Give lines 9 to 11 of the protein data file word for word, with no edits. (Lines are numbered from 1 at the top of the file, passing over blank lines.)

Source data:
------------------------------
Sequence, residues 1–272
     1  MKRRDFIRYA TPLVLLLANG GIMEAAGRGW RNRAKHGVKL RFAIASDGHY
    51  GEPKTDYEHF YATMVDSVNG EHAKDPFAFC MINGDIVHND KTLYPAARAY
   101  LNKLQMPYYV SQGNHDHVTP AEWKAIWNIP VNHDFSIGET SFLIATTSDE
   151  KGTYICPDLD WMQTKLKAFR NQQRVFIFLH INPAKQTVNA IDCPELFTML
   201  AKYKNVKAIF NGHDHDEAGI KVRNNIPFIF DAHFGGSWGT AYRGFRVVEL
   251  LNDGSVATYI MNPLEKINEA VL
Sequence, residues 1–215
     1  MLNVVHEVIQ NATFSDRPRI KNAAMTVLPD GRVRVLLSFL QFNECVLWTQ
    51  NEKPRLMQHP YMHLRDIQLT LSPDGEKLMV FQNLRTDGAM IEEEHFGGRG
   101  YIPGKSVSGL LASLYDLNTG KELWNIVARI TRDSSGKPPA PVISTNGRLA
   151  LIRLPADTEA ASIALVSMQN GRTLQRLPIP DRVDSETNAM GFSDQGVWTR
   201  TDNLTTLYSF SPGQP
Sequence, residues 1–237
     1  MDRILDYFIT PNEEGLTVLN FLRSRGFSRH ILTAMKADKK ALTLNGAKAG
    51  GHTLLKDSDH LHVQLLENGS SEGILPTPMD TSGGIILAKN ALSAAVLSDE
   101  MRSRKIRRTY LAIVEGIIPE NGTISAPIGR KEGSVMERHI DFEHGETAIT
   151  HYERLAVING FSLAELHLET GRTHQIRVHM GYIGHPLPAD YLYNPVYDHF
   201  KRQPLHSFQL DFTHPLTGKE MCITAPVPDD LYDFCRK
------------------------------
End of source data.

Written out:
     1  MLNVVHEVIQ NATFSDRPRI KNAAMTVLPD GRVRVLLSFL QFNECVLWTQ
    51  NEKPRLMQHP YMHLRDIQLT LSPDGEKLMV FQNLRTDGAM IEEEHFGGRG
   101  YIPGKSVSGL LASLYDLNTG KELWNIVARI TRDSSGKPPA PVISTNGRLA